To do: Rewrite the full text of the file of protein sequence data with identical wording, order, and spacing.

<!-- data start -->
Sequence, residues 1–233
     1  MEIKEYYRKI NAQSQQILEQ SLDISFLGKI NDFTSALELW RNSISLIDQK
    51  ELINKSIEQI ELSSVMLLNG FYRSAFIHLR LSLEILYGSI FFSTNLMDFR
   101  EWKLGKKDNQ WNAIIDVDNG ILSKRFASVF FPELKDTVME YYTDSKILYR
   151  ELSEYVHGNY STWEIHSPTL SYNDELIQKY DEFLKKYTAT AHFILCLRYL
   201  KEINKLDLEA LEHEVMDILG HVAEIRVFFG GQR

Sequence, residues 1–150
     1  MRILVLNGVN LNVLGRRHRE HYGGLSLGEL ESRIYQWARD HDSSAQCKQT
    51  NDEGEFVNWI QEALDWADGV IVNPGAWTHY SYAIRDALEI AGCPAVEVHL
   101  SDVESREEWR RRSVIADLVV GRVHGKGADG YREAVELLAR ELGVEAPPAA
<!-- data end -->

Sequence, residues 1–233
     1  MEIKEYYRKI NAQSQQILEQ SLDISFLGKI NDFTSALELW RNSISLIDQK
    51  ELINKSIEQI ELSSVMLLNG FYRSAFIHLR LSLEILYGSI FFSTNLMDFR
   101  EWKLGKKDNQ WNAIIDVDNG ILSKRFASVF FPELKDTVME YYTDSKILYR
   151  ELSEYVHGNY STWEIHSPTL SYNDELIQKY DEFLKKYTAT AHFILCLRYL
   201  KEINKLDLEA LEHEVMDILG HVAEIRVFFG GQR

Sequence, residues 1–150
     1  MRILVLNGVN LNVLGRRHRE HYGGLSLGEL ESRIYQWARD HDSSAQCKQT
    51  NDEGEFVNWI QEALDWADGV IVNPGAWTHY SYAIRDALEI AGCPAVEVHL
   101  SDVESREEWR RRSVIADLVV GRVHGKGADG YREAVELLAR ELGVEAPPAA